5th Annual Black History Month at Venice Library

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Save Venice Hosts 5th Annual Venice Black History

This year’s Venice Black History Month celebration at the library was held on Saturday, February 8, 2020. The Abbot Kinney Branch library event was enjoyed by both original Venice residents and visitors alike. The regular Venice Black History photo exhibit in the lobby display case was complemented by the photos and historical materials on view in the meeting room. And prominent Venice residents discussed the significance of the legacy of Venice Black History.

Venice Activist Mike Bravo introduced the speakers for the day. He talked about the importance of the space where this celebration was held, and how a meeting for listeners to hear the testimonies of Venice elders needs more than the three hours allotted for the event. He called for more events like this one. And he reminded everyone that the Save Venice team had just recently come from the battlefield where they had fought against the City of L.A.’s “political crime bosses”.

 The Save Venice team has, for over two years now, been fighting to save an historical African-American church, the First Baptist Church of Venice, from being gutted and converted into a private mega-mansion. Mr. Bravo referred to our so-called “allies” in local politics. He contrasted the image of Venice as “liberal and diverse”, with the way the politicians address the Black and Brown population of Venice. They promise racial and social justice but they work for the opposite. He spoke of the determination to get more people involved.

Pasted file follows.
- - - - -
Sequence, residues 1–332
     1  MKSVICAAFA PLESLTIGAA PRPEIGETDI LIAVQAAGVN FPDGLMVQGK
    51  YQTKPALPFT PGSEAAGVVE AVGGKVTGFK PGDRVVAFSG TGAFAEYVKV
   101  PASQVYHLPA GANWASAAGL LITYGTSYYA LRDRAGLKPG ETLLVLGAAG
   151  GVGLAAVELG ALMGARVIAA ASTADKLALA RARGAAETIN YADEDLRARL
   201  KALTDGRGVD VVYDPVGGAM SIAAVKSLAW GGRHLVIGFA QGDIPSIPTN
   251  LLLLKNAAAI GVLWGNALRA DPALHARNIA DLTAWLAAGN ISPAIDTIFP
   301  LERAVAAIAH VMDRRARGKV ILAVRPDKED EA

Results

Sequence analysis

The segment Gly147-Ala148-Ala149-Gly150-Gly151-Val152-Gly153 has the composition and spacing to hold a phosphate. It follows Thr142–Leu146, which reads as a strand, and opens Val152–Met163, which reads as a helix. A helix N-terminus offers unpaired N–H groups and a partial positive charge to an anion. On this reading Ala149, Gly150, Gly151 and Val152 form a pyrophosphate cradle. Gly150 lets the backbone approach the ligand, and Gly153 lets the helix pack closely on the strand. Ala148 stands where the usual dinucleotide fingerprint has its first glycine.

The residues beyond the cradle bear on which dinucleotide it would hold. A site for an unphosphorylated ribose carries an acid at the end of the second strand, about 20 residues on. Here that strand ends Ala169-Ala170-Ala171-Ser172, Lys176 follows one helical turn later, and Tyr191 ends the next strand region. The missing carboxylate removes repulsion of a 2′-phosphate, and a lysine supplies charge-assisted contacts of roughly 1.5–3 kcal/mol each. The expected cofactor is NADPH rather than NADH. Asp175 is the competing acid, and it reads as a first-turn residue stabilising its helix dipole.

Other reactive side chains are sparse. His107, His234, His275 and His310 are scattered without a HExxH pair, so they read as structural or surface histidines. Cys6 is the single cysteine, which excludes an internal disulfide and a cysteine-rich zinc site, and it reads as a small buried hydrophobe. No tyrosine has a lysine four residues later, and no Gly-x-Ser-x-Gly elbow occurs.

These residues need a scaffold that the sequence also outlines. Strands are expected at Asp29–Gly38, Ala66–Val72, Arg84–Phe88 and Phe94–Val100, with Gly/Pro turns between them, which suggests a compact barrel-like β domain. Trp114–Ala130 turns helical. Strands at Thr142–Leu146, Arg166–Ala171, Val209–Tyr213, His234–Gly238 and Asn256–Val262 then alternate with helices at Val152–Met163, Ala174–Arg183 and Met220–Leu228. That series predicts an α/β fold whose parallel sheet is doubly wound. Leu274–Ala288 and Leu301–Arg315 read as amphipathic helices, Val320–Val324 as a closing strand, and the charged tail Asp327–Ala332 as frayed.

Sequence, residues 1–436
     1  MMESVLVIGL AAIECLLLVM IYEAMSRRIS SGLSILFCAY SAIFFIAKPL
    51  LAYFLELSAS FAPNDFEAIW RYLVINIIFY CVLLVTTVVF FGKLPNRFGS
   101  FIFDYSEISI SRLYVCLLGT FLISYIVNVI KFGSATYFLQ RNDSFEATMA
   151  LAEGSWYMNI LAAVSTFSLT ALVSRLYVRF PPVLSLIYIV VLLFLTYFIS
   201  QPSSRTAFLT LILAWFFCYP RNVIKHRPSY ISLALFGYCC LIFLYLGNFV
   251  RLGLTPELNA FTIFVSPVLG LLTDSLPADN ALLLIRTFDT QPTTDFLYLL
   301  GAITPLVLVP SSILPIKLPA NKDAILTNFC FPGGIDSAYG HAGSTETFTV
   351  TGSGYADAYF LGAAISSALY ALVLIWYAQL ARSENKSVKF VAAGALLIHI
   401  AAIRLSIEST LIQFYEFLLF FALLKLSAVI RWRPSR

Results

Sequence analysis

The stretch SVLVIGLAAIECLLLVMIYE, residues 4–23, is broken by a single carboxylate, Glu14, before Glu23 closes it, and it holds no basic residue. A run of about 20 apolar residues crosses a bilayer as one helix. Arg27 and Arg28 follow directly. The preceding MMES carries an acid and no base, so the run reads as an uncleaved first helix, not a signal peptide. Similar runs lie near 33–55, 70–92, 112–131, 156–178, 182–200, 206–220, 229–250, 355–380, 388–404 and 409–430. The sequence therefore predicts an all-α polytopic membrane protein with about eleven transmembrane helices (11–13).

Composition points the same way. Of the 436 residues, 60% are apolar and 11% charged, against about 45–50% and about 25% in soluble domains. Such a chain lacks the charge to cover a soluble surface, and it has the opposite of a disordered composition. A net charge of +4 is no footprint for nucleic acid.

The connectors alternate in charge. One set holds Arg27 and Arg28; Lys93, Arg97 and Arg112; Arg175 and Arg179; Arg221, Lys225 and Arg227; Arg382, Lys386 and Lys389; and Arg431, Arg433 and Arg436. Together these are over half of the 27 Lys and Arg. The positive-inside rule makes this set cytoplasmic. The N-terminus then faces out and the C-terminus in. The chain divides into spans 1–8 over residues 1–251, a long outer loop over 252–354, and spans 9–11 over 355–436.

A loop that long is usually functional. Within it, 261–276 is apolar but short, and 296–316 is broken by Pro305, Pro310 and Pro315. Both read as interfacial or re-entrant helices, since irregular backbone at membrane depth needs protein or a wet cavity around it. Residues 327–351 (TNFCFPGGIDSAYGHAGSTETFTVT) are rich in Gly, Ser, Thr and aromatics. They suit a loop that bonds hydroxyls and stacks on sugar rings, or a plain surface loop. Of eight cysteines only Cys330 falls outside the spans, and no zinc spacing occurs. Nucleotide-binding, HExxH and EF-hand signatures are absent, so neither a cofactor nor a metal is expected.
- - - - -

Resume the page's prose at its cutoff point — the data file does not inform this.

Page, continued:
Venice Elder Jataun Valentine told of her experiences as an eighth generation Venetian. Ms. Valentine is a member of the Tabor family, one of the preeminent Black families of Venice. Irving Tabor was the chauffeur and friend of Venice Founder Abbot Kinney, and many Venice locations bear the Tabor name. Ms. Valentine spoke of her grandparents’ struggles in the early 1900s. She talked about the time when White neighbors burned a cross in front of her grandparents’ home, where she herself now lives. She talked about the city’s “broken window policy” and selective code enforcement to get rid of People of Color, and how she observed city inspectors as they attempted to single out the homes of Black and Brown residents. Jataun Valentine called for Justice. She reminded everyone that People of Color are not represented on the Venice Neighborhood Council. She emphasized that the celebration of Black History means “not letting it disappear”, and how the Black Community has roots here worth fighting for.

Dr. Naomi Nightingale spoke of her family in Venice in the 1950s. She talked about building a community during the time of the restrictive covenants, when Black residents were relegated to one neighborhood in the heart of Venice. As a self-contained community, a barter economy thrived. Painters would trade services with mechanics. And many would refer to others in the community as their “aunties” and “uncles”. And she told of a time when Black people had to sit in the back rows of the Fox Venice movie theater. Dr. Nightingale said that nothing happens by happenstance. The gentrification of today started thirty years ago with police detectives arresting Black and Brown people, long before the “gang injunction”. The gang injunction had turned misdemeanors into felonies, with high bail amounts. It targeted a specific area, for the elimination of a specific race of people, to get ready for gentrification.